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Health Ministry acting to prevent vapes from taking hold in society

We thank Youth Forum writer Hiwase Parth for his letter “Vaping has morphed from a solution to nicotine addiction to becoming a gateway (Oct 30)”.

Electronic vapourisers (e-vapourisers) are not nicotine replacement therapy (NRT) products. In Singapore, NRT products such as nicotine patches and gums have to undergo stringent evaluation to be registered under the Health Products Act.

There is currently limited evidence that e-vapourisers can aid smoking cessation. To date, there has not been any application to the Health Sciences Authority to register e-vapourisers as therapeutic products for smoking cessation.

The World Health Organisation also does not recognise e-vapourisers as legitimate smoking cessation aids. On the contrary, there is good evidence that e-vapourisers are a gateway for non-smokers, particularly the young, to start smoking cigarettes.

Vaping is harmful to health. E-vapourisers typically contain nicotine, a highly addictive substance that can harm brain development, especially in teenagers. They also contain cancer-causing chemicals and other toxic substances such as metal nanoparticles and particulate matter (PM2.5) that increase the risk of lung and heart diseases.

The Ministry of Health is therefore taking measures to protect our population and prevent vapes from taking hold in our society.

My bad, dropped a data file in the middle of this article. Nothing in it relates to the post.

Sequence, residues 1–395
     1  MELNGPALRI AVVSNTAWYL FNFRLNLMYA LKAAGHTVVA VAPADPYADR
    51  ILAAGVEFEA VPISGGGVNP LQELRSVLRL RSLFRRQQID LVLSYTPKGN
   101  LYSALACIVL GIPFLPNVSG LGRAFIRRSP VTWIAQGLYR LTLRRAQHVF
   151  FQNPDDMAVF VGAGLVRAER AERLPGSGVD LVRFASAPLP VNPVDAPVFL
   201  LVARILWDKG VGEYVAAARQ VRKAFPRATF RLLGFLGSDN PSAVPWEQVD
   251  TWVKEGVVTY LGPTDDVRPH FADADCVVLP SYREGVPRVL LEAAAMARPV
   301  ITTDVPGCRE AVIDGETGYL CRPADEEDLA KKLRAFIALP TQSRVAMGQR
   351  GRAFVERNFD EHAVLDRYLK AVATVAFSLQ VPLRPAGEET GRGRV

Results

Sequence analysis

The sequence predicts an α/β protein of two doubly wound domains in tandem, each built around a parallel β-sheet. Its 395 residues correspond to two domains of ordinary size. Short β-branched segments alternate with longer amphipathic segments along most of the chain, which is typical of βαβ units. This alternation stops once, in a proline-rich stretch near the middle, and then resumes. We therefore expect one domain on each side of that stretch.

Vaping is illegal in Singapore, and the importation, distribution, sale, possession, use and purchase of e-vapourisers are banned. Under the Tobacco (Control of Advertisements and Sale) Act, someone who is convicted of selling, offering for sale, possessing for sale, importing or distributing e-vapourisers is liable to a fine not exceeding $10,000 or to imprisonment for up to six months or to both for the first offence, and to a fine not exceeding $20,000 or to imprisonment for up to 12 months or to both, for the second or subsequent offence.

The Health Promotion Board has rolled out a digital campaign to raise awareness of the negative health effects of vaping and address misconceptions. We also work closely with the Ministry of Education to raise awareness among children and young people of the harms of vaping and encourage them to lead a nicotine-free lifestyle.

Chow Wai Leng (Dr)
Director, Disease Policy and Strategy
Ministry of Health

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